Vaccines can’t be removed after injection, contrary to cupping video
CLAIM: Video shows COVID-19 vaccine being removed after injection using cupping therapy.
AP’S ASSESSMENT: False. There is no way to remove a vaccine after injection. The video shows blood from a superficial layer of the skin, whereas the vaccine is injected deeper and into one’s muscle.
THE FACTS: A video circulating across social media platforms falsely claims to show a method for extracting a COVID-19 vaccine after it has been injected.
“Video showing the removal of the vax content within 30 mins of jab,” reads text overlaid on the video, shared repeatedly on Instagram, among other platforms. It says the blood is “coagulated.”
A version of the video shared on TikTok and the video-hosting website BitChute includes a screenshot of a message advising: “How to remove a large part of the toxic Covid vaccine injection from your body by cupping. Note: This only works for 30 minutes after the vaccine.”
The video, which is narrated in Russian, shows an unidentified individual’s arm with a red circle following cupping, an ancient practice in China and other parts of the world that uses cups to create suction on skin to try to relieve sore muscles and other ailments. Another person in the video then applies a series of small cuts to the same area of the arm, before again applying a cup to the arm and drawing out blood, a process known as “wet cupping.”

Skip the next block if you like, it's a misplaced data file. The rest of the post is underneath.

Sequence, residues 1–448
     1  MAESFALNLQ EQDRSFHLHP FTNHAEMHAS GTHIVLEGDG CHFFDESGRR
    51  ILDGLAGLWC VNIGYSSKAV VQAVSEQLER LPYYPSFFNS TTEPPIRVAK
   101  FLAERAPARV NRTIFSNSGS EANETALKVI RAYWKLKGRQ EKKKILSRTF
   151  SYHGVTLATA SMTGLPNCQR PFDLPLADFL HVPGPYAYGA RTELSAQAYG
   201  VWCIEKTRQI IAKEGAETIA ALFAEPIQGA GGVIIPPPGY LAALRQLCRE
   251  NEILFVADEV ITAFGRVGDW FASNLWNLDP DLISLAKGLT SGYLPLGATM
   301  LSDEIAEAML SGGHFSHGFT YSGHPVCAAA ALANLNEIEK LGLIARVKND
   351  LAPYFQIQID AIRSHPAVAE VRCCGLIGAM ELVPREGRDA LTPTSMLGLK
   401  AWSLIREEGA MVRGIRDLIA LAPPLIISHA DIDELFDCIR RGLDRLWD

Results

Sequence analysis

Jenny Kaminer, an associate professor of Russian at the University of California, Davis, who reviewed the video for The Associated Press, said in an email that the person speaking in the video provides instructions for that process throughout the video.
The speaker makes note of the blood in the cup, and of plasma—which is part of blood—before the video cuts off, Kaminer said.
Dr. John Swartzberg, clinical professor emeritus of infectious diseases and vaccinology at the University of California, Berkeley, called the claim that such a process can remove a vaccine “patently absurd.”
Swartzberg noted that the COVID-19 vaccines are injected deep and into muscle, whereas the video shows blood being removed from a very superficial layer of the skin. “It doesn’t remove any of the vaccine material,” he said of what’s depicted in the video.
There is not a way to remove a vaccine after injection, Swartzberg said.
Also, “when you cut yourself, the first thing the body is going to do is cause that blood to clot”—to prevent further blood loss—“and that’s exactly what you may be seeing here,” Swartzberg said. He further noted, though, that it was also unclear if those who made the video had any other materials in the cup.
This is part of AP’s effort to address widely shared misinformation, including work with outside companies and organizations to add factual context to misleading content that is circulating online. Learn more about fact-checking at AP.